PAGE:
Originally released in 1970, Guru, The Mad Monk is yet another invitation into the mad world of self-taught filmmaker Andy Milligan. Although many find Milligan’s works utter trash and not worth viewing, there are those who find that they relish Milligan’s skewed view of genres, such as exploitation, softcore porn, and of course horror. Guru, The Mad Monk is a relatively tame affair, but one that is just bizarre enough to leave many bewildered.
Clocking in at just a little over an hour, the movie tells the tale of Father Guru (Neil Flanagan, chewing scenery), a schizophrenic monk who talks to his other personality via a mirror. Guru runs an asylum/prison on the island of Mortavia during the 1940s. It seems that the Roman Catholic Church has started to run low of funding. Because of such financial woes, Guru has created a sideline to ensure that he maintains his lifestyle. Guru takes the bodies of the people he murders inside the prison and sells them to nearby medical schools.
The story begins with the imprisonment of Nadja (Judith Israel), who is accused of killing her newborn infant. Jailer Carl (Paul Lieber), who is in love with Nadja, cooks up a plan to secure her release. Carl makes a deal with Guru to help sell the bodies to medical schools. Like the devil, however, Guru does not release Nadja right away but rather keeps her around to ensure Carl continues to be under his yoke.
Guru’s days are spent as judge, jury, and executioner, leaving the dead bodies to be drained by his vampire lover Olga (Jaqueline Webb). He also has a hunchback naturally named Igor (Jack Spencer), who he frequently beats when the poor slob isn’t sweeping or giving the goo-goo eyes to the lovely Nadja.
The plot thickens, kind of, when Guru learns that Bishop Kopel (Frank Ehols) is coming for a visit. Along with Kopel is Father Polanski (Gerald Jacuzzo), whom Guru soon learns is to be his replacement. The remainder of the movie has Guru and Olga taking out the poor Bishop and the Father while Carl and Nadja turn the tables and finally put an end to the mad monk and his vampire lover.
There is no doubt that this movie is bottom-of-the-barrel filmmaking, but like most of Milligan’s productions, there is something oddly compelling about the movie that makes it queasily entertaining. Yes, the movie feels like a high-school production, complete with horrible dialogue, terrible acting, choppy editing, unfocused writing, and very little in the way of tension or excitement.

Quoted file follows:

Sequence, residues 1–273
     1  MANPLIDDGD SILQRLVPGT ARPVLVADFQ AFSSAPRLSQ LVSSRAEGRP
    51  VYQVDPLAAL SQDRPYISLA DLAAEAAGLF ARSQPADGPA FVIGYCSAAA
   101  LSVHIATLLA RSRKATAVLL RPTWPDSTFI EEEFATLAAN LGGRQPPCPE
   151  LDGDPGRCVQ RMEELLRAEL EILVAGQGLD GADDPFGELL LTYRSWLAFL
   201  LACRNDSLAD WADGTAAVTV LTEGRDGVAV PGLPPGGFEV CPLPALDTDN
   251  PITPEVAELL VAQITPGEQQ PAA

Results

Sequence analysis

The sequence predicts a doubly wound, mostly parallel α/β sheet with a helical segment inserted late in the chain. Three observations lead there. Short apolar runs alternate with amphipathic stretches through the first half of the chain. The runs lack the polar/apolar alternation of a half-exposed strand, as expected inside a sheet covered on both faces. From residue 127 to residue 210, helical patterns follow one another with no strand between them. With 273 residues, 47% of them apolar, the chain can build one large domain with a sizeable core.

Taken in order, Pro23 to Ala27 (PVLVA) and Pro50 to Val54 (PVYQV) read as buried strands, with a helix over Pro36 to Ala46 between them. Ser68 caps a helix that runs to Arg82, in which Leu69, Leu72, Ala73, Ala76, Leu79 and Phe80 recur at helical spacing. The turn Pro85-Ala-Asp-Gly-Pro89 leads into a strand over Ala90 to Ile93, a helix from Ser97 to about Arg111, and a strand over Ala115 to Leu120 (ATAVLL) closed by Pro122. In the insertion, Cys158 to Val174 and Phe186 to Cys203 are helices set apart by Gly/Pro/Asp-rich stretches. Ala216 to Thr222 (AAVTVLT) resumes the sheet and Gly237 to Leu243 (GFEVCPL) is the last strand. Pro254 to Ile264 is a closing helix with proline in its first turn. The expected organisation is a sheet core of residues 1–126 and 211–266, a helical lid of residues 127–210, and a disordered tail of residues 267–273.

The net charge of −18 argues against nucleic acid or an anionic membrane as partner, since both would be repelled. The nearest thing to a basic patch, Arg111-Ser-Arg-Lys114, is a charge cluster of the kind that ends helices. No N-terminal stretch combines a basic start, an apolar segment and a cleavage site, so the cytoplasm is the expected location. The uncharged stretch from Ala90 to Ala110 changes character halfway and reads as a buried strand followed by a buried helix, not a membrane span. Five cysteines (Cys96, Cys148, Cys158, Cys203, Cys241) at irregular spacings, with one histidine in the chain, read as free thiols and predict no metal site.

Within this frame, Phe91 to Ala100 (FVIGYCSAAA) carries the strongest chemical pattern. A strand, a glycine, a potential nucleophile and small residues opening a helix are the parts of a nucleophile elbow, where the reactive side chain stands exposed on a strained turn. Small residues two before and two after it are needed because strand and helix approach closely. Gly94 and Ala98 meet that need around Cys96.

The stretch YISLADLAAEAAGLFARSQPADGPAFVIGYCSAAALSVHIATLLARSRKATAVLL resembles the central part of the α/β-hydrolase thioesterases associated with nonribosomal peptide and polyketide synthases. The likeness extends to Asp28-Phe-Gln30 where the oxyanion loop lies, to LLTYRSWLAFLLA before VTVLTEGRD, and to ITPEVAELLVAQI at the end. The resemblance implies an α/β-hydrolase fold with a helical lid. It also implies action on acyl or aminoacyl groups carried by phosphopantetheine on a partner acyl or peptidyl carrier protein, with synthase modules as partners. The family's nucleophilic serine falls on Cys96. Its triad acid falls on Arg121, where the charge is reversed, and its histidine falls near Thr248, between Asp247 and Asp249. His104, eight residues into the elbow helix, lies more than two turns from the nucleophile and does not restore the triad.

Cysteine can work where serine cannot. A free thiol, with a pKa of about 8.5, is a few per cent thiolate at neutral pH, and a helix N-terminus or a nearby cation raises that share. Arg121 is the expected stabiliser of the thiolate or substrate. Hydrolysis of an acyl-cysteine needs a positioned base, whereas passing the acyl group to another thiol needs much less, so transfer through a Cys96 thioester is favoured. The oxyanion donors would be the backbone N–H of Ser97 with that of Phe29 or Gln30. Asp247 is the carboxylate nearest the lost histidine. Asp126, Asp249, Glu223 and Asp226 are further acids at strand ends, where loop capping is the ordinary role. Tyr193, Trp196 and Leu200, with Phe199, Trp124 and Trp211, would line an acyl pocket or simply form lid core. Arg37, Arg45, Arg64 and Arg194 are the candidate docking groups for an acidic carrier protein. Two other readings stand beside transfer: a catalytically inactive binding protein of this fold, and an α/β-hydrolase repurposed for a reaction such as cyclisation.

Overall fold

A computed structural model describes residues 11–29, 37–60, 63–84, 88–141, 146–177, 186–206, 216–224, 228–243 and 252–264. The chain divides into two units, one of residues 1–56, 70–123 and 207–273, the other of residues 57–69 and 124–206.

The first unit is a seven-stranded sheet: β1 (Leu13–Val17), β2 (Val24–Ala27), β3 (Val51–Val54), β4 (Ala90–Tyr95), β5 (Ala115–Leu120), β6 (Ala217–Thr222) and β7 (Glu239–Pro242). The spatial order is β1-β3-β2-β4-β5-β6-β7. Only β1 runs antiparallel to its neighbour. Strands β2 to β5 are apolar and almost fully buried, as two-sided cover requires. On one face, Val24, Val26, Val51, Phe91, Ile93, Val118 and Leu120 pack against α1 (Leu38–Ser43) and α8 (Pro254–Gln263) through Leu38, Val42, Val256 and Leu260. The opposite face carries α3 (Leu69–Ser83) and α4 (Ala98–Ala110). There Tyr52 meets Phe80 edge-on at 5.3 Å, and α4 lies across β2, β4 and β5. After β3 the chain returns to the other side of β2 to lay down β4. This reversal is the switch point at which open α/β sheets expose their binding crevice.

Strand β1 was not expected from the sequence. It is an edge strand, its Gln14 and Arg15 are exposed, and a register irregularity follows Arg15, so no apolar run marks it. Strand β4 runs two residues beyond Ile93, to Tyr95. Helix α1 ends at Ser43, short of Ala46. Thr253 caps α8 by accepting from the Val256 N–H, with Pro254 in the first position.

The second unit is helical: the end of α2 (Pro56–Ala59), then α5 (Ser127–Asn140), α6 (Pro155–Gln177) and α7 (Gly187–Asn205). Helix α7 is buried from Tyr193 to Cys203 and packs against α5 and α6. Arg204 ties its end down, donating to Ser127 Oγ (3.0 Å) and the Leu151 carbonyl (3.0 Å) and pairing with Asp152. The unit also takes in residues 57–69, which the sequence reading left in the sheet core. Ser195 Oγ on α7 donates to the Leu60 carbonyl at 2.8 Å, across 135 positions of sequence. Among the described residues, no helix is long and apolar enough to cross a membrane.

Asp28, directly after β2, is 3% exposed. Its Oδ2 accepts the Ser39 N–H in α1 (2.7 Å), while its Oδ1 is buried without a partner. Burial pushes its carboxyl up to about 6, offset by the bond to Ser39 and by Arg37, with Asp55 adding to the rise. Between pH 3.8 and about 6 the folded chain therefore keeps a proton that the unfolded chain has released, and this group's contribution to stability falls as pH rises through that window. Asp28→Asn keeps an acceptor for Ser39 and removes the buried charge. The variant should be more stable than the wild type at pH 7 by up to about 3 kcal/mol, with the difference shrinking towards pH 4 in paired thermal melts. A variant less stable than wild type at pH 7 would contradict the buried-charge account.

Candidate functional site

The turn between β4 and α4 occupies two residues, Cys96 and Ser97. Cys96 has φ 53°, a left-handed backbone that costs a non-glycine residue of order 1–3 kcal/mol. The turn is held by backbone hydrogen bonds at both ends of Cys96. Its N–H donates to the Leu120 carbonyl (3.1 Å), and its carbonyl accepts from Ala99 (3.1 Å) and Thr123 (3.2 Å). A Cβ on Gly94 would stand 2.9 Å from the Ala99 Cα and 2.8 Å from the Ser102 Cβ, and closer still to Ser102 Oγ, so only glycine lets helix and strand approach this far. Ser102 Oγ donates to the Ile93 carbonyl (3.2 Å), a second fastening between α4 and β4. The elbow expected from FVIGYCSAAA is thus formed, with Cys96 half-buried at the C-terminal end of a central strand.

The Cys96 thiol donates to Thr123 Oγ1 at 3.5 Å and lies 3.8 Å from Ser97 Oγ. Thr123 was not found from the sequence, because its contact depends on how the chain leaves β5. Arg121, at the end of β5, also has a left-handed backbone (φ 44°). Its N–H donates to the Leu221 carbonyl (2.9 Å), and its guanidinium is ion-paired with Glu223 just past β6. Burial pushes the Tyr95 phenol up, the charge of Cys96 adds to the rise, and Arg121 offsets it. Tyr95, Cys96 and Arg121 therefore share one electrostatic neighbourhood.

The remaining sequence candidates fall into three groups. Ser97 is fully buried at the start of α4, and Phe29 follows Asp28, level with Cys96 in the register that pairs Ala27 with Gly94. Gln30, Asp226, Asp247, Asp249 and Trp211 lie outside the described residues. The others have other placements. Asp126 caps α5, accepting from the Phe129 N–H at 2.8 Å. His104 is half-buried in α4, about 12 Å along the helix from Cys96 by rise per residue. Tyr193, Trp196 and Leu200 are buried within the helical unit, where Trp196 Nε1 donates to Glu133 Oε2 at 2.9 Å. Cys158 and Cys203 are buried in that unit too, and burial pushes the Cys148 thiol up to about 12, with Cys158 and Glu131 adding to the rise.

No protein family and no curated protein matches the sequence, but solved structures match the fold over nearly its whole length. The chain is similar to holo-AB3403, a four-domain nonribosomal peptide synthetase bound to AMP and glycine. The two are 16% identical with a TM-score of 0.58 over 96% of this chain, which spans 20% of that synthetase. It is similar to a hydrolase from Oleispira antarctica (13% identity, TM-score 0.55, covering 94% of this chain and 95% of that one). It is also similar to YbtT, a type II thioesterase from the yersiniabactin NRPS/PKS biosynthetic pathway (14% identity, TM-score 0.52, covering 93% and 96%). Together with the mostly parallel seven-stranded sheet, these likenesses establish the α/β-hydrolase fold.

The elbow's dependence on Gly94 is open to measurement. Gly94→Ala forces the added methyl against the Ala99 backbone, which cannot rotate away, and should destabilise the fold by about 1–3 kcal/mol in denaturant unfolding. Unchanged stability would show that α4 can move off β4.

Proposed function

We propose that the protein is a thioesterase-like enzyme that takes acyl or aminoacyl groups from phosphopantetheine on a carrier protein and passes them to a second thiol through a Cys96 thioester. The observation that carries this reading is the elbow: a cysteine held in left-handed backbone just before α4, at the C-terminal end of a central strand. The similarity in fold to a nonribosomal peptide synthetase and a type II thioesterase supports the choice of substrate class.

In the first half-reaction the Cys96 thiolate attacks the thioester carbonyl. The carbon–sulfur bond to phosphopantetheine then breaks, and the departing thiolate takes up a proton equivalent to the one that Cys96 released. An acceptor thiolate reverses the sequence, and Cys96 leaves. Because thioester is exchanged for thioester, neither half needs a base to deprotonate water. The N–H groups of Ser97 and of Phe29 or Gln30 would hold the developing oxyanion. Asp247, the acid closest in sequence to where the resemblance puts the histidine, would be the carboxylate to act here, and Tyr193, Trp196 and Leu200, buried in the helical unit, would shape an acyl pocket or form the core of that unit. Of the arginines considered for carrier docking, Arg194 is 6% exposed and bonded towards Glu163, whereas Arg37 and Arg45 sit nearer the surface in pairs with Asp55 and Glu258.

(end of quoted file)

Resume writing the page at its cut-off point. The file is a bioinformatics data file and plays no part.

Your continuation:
Why bother watching such a hideous movie? Despite its many flaws, the otherworldly bizarre world of Andy Milligan is strangely compelling. For one, Milligan’s talent as a tailor is quite evident, as the costumes here are fantastic. The hammy acting by some of the players is also a joy to behold—with Neil Flanagan a standout, although folks like Jack Spencer underplay their parts. The romance between the two young people is sweet and the gore effects are hilarious. The odd mixture of storylines, with plots developed only to be abandoned, makes for a whirlwind of strangeness that is both comedic and strange. Before the story really gets going, the movie is over.
Sharp-eyed viewers will also find quite a few period flubs throughout the movie. Watch for typos in the opening credits, modern appliances such as light switches and a motor scooter (it is set in the 1400s, after all), and talented organ playing (playing a two-handed melody with only one hand).
Those who enjoy low-budget fare with an edge of dementia will really dig Guru, The Mad Monk. The naiveté (almost childlike at times), the subtle underpinning of frustrated sexuality and repressed homosexuality, the weird moments of almost pedestrian violence and gore, and the weird vibe that pervades the entire production are just some of the reasons why this movie has stood the test of time. Those who of you who prefer more straightforward movies will find little to recommend Guru, The Mad Monk and should best avoid anything made by Andy Milligan.